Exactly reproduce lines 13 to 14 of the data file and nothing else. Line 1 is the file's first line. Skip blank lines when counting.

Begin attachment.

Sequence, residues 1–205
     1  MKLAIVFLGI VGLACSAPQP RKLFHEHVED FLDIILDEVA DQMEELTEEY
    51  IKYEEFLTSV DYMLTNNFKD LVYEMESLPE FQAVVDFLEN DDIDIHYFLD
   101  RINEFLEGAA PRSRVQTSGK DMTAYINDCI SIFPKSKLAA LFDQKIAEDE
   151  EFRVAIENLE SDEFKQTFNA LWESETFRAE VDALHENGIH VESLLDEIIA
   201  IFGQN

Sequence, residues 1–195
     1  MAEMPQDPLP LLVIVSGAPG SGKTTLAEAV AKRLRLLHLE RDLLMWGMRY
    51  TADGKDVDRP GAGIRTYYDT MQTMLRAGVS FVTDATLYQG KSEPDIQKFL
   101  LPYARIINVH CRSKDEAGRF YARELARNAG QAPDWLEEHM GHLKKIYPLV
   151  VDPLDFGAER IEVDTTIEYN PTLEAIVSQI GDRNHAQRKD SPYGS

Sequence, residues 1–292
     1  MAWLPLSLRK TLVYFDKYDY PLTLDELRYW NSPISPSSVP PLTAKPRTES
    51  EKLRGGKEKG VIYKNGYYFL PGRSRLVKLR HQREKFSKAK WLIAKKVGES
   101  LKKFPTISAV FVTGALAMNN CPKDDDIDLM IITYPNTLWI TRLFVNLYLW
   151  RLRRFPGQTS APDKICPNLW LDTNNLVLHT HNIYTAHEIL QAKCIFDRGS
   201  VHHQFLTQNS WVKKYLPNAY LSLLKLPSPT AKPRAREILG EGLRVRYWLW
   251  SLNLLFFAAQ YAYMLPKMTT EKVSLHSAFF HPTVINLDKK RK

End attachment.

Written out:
     1  MAWLPLSLRK TLVYFDKYDY PLTLDELRYW NSPISPSSVP PLTAKPRTES
    51  EKLRGGKEKG VIYKNGYYFL PGRSRLVKLR HQREKFSKAK WLIAKKVGES